I believe you will find that the lumens game with these is counterintuitive. I was told by the seller Shun Tam that his 36s produce more "light" than his 45smds. I'm not an electrical "train driver" but think that generally where there's light there's heat (resistance is resistance no matter whether in chips or wires). I checked the size of the elements in his illustration of the 45smd bulb and as expected they were smaller than those of the 36. So light and heat should correlate with total surface area of the smds and perhaps the 68s which I have also have a smaller total area of "smuds" than do the 36s which I have. One possibility of using a descriptor or rating based on number of light-producing elements (this n that quantity of smds) is that the potential customer will assume a higher no. promises a higher level of illumination and buy, say, a very long tower bulb with 102 elements and really not get that much more illumination. I'm betting the real correlation is to price of the bulb (the 45s were cheaper than the 36s, as were the 68s from a different seller). What think you?

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Old 08-19-2011, 07:41 PM   #176
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Jack 122 F is probably in the ball park for the finger test; I'm old and may have reduced sensitivity.

I did purchase the 68s. I have no quantitative way to measure temperature or light output other than my fingers and eyes. As to light output they look similar to the incandescents. Tomorrow I'll leave them on for a more extended period and see how the 'digits' hold up.

In general I would assume the light emitting area of the LEDs is the key parameter since I suspect most similarly colored, commonly available LEDs operate in the same efficiency range.

It would be interesting to measure the amount of current your 36's draw compared to the 68's.

Norm
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Old 08-19-2011, 08:39 PM   #177
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Norm, how do I check the current draw? Need a lead with gator clips and a multimeter or is there more to it than that?

jack
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Old 08-19-2011, 08:52 PM   #178
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Yes, set the meter to DC current and insert the meter between the base and 12 volts while touching the outer case to ground.

The way I did it was to loosen the bulb and pull it forward in the socket a little. With the meter on the current mode, I touch one probe to the contact of the lamp that normally contacts the bottom of the bulb amd the other to the bottom of the bulb.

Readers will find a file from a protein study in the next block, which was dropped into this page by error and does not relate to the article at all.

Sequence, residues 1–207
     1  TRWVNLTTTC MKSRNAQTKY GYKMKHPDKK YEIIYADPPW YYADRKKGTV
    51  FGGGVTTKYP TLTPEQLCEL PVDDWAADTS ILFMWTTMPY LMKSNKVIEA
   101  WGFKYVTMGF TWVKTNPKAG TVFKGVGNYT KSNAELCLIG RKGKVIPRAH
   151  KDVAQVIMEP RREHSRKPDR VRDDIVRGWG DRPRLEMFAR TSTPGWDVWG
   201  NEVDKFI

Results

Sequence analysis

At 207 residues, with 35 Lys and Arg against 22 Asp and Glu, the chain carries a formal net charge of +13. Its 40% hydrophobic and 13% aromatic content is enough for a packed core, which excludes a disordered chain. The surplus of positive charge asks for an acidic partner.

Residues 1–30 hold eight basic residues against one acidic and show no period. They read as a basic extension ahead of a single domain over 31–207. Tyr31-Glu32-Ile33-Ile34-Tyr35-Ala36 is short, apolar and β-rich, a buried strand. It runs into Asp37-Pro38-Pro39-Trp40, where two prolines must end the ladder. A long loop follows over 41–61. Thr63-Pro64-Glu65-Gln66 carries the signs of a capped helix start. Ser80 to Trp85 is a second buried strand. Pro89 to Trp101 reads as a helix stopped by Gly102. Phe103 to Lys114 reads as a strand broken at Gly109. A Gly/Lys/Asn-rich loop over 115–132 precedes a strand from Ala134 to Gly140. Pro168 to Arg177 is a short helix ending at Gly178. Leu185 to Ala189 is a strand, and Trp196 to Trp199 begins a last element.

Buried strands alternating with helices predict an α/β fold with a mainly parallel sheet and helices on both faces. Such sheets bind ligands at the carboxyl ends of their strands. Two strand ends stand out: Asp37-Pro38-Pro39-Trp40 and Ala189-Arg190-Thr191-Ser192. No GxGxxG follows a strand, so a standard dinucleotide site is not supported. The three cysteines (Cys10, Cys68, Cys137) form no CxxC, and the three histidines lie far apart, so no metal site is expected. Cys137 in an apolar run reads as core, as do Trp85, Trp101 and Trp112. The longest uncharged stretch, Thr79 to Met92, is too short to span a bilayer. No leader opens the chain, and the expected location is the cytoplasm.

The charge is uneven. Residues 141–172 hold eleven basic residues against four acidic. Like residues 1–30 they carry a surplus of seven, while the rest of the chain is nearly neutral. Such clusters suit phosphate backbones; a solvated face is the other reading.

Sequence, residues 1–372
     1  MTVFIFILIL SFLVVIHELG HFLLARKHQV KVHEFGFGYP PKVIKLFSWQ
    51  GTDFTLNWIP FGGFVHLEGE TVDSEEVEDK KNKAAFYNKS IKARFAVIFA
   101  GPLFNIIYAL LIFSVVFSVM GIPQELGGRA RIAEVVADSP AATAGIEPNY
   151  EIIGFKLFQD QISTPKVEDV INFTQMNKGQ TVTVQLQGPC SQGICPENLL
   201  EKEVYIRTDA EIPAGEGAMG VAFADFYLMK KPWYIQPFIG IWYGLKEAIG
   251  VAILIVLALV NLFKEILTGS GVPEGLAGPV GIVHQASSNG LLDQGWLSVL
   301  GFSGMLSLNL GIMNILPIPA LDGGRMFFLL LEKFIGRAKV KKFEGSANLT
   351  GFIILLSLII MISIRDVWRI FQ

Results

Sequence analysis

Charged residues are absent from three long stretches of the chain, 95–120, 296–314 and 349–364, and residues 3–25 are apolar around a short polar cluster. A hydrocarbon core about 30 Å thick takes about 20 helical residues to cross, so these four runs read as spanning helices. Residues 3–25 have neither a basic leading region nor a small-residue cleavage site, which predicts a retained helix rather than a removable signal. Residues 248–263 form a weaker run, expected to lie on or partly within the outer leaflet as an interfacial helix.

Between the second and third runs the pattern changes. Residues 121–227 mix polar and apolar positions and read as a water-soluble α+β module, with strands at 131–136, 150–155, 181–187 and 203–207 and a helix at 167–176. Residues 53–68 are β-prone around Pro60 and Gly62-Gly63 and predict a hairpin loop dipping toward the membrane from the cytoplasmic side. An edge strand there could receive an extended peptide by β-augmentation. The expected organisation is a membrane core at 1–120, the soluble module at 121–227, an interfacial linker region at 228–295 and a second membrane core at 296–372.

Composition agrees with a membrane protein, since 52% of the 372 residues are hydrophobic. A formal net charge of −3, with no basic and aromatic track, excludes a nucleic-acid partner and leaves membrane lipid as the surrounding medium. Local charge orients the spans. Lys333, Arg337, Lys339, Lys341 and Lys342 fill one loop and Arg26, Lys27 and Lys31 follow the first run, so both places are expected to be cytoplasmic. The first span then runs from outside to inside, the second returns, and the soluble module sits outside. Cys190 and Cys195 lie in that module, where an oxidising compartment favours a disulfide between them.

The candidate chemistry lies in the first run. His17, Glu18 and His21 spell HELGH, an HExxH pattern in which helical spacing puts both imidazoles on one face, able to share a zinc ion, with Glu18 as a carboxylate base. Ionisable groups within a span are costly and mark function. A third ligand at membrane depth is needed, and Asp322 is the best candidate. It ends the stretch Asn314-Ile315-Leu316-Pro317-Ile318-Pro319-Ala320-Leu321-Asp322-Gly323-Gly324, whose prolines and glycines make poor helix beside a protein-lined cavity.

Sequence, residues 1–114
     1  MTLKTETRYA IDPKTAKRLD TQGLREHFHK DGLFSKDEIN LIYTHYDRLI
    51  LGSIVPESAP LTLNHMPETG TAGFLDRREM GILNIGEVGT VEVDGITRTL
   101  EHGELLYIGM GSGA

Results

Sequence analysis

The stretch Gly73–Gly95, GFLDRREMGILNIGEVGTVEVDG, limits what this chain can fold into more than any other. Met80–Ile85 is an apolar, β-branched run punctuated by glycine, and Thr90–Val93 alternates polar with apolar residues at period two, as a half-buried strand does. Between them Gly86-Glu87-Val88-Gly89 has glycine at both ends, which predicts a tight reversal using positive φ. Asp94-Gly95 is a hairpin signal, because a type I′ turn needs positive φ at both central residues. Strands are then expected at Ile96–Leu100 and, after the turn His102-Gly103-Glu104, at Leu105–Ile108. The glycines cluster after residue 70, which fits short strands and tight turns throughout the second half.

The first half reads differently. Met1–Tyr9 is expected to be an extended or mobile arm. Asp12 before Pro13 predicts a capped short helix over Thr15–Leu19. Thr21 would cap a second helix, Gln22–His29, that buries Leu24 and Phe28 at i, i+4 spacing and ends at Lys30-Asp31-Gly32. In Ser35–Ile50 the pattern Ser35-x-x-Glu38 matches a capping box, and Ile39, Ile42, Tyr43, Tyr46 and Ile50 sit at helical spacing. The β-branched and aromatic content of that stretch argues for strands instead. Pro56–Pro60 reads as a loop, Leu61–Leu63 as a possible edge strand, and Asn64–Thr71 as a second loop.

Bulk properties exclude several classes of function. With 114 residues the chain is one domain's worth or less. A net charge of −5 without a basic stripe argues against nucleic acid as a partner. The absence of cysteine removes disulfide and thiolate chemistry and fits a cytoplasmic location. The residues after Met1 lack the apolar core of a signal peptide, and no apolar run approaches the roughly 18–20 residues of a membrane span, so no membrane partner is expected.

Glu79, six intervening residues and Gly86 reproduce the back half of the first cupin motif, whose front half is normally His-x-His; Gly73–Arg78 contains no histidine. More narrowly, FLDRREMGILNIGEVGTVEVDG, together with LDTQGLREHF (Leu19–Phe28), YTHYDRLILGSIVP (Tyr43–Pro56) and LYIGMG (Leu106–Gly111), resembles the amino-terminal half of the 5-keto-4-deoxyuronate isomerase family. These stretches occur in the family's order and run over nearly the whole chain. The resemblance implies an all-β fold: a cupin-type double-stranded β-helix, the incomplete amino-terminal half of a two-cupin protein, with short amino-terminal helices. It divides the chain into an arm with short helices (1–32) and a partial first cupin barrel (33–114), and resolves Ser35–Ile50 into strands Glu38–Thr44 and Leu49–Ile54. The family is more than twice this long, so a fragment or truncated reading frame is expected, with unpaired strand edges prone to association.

Norm
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Old 08-19-2011, 10:09 PM   #179
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Yes, set the meter to DC current and insert the meter between the base and 12 volts while touching the outer case to ground.

The way I did it was to loosen the bulb and pull it forward in the socket a little. With the meter on the current mode, I touch one probe to the contact of the lamp that normally contacts the bottom of the bulb amd the other to the bottom of the bulb.

Norm
Kool, thanks.

jack
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Old 08-20-2011, 04:46 PM   #180
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Cool Air Pressurized Plenum for AC

Our air conditioner gets it's intake cool air via three holes in the closet floor and exits the hot exhaust thru another hole in the floor.

The exhaust hole has two muffin fans to push the air out of the bottom of the closet. My plan had been to use a baffle to seperate the exhaust from the intake. This works but it's not the best solution; I had always considered adding fans to the intake side.

To accomplish this I made a wooden duct about a 1.5 feet long whose opening is towards the center of the trailer. Two 100 cubic feet per minute, 12 volt muffin fans will be located in the duct. My feeling is that this will reduce the temperature of the exhaust air.

I will provide pictures in the morning.


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Old 08-21-2011, 01:58 PM   #181
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Wooden Duct

I completeted the wooden duct to be used to supply cool air to the air conditioner. This effectively seperates the hot exhaust from the cool intake air. With 2 muffin fans on the exhaust and 2 on the intake the air conditioner should have a more than adequate air supply.

Cool air enters on the right side of this picture and exhaust air exits in front of the sloping side.

And yes I painted the bottom of the trailer Rustoleum white.
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Old 09-02-2011, 12:40 AM   #182
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Hi Norm, Had a look at your A/C install very nice ,I like the ductwork under the trailer . You should have no air flow problems with that setup. Your whole trailer is full of great ideas you did a nice job. Thanks for sharing.
Take care, Ken